Anti-Christian Pogroms in the Middle East

There have been plenty of headlines devoted to President Obama’s ad hoc Middle East foreign policy and the uprisings in Syria and Egypt. What has been missing, however, is any significant media attention or public outrage over the ongoing anti-Christian pogroms – yes, pogroms – in those two countries.

Many political and media moguls seem indifferent or fearful of criticizing the criminal and terrorist activities of Muslim extremists. The United Nations and Western powers that carry on about human rights and religious freedom have been silent on Christian persecutions. They have been looking the other way as young Christian girls are being raped and murdered and as Christian churches, monasteries, homes, and workplaces are being systematically destroyed.

Here’s an update of recent anti-Christian terrorism in the Middle East:

Total Population                   22 million

     Christian Population          2.5 million

Syrian Catholic bishops have warned that their country is becoming a “second Iraq” owing to similar patterns of Church attacks and forced expulsion and kidnapping of Christians. During Saddam Hussein’s reign of terror, Iraq’s Christian population plummeted from 1.4 million to fewer than 300,000. Many of those Christian refuges settled in Syria, which was considered, at that time, a more tolerant country.

According to Church sources, the major industrial city of Homs, home to Syria’s largest Christian population, has borne the brunt of violence. Attacks on Christian churches, schools, convents, as well as homes and businesses, have caused a mass exodus. It is estimated that 50,000 Christians, about 90 percent of the Homs Christian population, have fled to the mountains or have sought refuge in Lebanon. Those left behind cannot find work and earn money to support their families. Food has been scarce and unaffordable.

Charitable organizations such as Aid to the Church in Need, the Catholic Near East Welfare Association, and others have been providing food and shelter for the Christian victims of Syria’s civil war.

One hundred miles south of Homs, in Damascus, Christians have suffered a similar fate. The Greek Catholic Archbishop has reported that 40,000 Christians have fled or have been displaced. Church attendance has declined by 60 percent since 2011 and there were only thirty baptisms in 2012. Over forty churches have been destroyed; priests and deacons have been murdered.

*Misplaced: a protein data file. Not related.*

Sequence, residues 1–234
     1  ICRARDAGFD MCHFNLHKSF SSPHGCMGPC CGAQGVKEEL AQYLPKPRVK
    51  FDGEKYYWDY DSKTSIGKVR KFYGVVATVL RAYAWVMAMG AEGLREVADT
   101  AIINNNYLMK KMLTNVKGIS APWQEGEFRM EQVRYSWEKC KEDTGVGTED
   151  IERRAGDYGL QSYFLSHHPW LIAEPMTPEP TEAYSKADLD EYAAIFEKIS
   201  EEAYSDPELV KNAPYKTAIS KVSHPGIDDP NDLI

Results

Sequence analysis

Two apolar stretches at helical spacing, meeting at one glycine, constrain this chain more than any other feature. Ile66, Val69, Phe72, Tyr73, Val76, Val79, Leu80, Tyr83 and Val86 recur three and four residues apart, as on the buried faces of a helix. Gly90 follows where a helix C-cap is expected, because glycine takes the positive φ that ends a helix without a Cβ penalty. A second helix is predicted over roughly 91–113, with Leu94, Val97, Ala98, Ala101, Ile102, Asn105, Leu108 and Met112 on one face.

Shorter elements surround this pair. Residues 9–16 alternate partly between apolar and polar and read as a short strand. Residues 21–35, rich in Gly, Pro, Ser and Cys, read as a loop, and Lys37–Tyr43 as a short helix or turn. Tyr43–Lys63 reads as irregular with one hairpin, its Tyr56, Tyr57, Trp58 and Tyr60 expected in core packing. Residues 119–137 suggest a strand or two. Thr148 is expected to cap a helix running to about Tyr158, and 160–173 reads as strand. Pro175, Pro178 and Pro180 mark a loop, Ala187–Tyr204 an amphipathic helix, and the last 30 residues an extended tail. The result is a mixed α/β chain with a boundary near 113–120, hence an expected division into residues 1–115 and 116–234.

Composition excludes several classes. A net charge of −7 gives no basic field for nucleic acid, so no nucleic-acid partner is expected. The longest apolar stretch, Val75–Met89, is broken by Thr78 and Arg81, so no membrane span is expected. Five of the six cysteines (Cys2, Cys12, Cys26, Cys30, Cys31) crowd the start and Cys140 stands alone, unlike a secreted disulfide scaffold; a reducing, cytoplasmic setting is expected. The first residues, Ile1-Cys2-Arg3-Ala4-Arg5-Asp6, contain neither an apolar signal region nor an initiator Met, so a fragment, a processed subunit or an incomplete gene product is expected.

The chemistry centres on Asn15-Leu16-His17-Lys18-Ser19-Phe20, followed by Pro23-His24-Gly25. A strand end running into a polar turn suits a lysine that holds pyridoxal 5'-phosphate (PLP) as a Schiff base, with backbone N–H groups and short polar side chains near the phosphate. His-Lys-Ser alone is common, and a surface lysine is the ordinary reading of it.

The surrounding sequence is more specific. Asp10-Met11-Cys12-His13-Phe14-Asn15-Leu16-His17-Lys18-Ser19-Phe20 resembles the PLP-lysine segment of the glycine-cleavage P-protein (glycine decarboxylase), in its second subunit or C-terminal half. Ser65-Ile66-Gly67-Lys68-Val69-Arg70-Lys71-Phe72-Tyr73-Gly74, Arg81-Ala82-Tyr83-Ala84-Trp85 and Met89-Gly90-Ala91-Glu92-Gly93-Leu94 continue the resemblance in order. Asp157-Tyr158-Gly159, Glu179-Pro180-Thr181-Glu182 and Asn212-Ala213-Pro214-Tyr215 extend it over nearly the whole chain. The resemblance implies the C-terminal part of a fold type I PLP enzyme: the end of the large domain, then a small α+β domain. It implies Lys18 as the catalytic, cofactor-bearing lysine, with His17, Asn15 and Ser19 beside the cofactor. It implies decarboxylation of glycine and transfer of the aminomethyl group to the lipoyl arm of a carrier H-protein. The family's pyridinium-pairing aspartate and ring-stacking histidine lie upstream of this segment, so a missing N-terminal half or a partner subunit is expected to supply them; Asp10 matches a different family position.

Sister Joseph-Marie Chanaa of the Sisters of Charity, who has been helping war-battered families, recently told representatives of Aid to the Church in Need, “What is happening here is inhuman. Young people are abducted. Dead bodies are chopped up, the arms and legs are cut off and then cut into pieces. Whoever’s heard of such a thing anywhere else?”

In April 2013, two Orthodox archbishops were kidnapped near the city of Aleppo. The Archbishops were returning from the Turkish border, having negotiated the release of two priest hostages. Their car was ambushed and the driver, a deacon, was murdered. The fate of the two Syrian archbishops is unknown to this day.

The chaos of the civil war in Syria has given radicals the opportunity to single out and to terrorize Christians.

         Bishop Kyrillos Kamal William Samaan

Total Population                   85 million
     Christian Population             8.5 million

Amidst the chaos since President Mohamed Morsi was deposed, the Muslim Brotherhood has looted and destroyed over eighty churches, scores of religious facilities, and untold numbers of Christian-run stores. Many Christians have been abducted to extort ransom money. Complaints made to the police following incidents with Islamists have been fruitless.

To give the faithful some protection, the Coptic Patriarch wants to build walls around the cathedral in Alexandria and all ecclesiastical facilities in Korby El Korba.

Coptic-Catholic Bishop Kyrillos Kamal William Samaan of Assiut, has said, “the [Muslim brothers] think that the Christians were the cause of Morsi being ousted. But the Christians are not alone:  there were 35 million who went on the streets against Morsi. . .Christians are being punished. We have been scapegoated.”

Bishop Kyrillos, who is hoping that the new constitution expresses “the equality of all Egyptians, Christian as well as Muslims, before the law,” has pointed out time and again the indifference of the Western governments: “[They] are speaking about human rights. . .[but] do not see the reality of what is going on here. . . .A group of terrorists have used arms against us. Western governments should not be supporting this.”

Reacting to the terror, many young Christians have mobilized to defend their churches. In twelve-hour-shifts they are stationed outside their churches to prevent attacks. A Spanish Comboni missionary, Sister Expedita Perez who has helped organize these watch groups, has said that, “Christians want to stand their ground and defend themselves from the terrorists. . . . [Young Christians] are surrounding the churches together with their other brothers in faith, both Orthodox and Protestant. All united.”

Frightening, isn’t it?  But the United Nations and our president, both of whom constantly plead for tolerance and diversity, are silent. In the face of widespread persecution, sometimes approaching ethnic cleansing, there are no U.N. resolutions condemning Islamist radicals and no presidential red lines. 

George J. Marlin, Chairman of the Board of Aid to the Church in Need USA, is the author of The American Catholic Voter and Sons of St. Patrick, written with Brad Miner. His most recent book is Mario Cuomo: The Myth and the Man.